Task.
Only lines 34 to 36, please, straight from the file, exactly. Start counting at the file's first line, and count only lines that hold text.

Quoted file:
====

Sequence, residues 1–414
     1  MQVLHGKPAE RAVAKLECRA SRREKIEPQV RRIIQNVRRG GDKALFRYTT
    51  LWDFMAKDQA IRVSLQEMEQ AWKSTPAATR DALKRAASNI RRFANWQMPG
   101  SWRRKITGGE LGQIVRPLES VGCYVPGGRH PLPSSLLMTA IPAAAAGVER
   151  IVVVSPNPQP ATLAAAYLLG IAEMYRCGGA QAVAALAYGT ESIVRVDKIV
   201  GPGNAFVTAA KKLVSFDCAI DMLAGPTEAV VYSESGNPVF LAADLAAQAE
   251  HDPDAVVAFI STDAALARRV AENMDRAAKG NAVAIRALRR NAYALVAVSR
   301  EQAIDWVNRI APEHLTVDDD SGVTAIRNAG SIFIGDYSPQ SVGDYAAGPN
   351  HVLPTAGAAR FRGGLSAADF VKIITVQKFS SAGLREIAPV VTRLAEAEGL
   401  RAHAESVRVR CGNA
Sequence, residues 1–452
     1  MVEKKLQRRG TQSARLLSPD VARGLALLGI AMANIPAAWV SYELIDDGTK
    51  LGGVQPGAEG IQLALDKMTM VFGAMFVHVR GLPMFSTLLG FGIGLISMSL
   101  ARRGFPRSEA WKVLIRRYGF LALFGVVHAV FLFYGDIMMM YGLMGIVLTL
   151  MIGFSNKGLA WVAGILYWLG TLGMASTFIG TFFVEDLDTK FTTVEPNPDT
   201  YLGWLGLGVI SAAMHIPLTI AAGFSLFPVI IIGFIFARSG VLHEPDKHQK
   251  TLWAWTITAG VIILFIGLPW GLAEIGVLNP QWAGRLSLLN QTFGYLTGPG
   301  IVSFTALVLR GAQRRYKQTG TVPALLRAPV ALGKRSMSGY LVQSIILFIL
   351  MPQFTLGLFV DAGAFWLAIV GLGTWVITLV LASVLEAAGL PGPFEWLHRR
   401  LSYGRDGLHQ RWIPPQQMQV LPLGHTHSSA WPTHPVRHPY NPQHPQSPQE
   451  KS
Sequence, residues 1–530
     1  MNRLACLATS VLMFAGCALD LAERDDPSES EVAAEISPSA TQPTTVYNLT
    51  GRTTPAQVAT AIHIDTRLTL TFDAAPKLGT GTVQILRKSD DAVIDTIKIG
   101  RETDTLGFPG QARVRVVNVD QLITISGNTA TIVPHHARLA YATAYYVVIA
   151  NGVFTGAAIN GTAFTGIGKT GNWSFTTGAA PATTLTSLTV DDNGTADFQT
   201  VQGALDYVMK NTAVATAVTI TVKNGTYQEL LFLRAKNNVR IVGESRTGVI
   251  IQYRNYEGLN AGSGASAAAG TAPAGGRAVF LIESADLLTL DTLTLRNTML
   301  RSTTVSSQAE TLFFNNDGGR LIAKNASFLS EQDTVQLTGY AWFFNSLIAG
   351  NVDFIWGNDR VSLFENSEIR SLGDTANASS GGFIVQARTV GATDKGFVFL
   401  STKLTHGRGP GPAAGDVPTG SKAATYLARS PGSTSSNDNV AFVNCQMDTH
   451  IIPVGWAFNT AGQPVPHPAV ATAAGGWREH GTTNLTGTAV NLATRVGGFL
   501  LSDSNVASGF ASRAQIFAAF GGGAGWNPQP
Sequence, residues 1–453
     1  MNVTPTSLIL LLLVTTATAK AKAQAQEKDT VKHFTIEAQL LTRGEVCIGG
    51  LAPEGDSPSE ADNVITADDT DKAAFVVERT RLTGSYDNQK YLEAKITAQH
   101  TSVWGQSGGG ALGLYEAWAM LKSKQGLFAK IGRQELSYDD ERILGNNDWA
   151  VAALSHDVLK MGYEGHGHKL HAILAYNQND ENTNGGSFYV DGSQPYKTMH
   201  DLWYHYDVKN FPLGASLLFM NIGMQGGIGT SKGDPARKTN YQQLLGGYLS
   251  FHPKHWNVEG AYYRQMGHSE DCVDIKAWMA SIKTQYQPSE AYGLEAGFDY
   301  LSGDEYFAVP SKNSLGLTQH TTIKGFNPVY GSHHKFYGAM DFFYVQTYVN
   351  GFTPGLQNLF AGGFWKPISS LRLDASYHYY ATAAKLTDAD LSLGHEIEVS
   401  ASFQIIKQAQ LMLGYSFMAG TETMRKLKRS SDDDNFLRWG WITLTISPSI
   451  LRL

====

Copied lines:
Sequence, residues 1–453
     1  MNVTPTSLIL LLLVTTATAK AKAQAQEKDT VKHFTIEAQL LTRGEVCIGG
    51  LAPEGDSPSE ADNVITADDT DKAAFVVERT RLTGSYDNQK YLEAKITAQH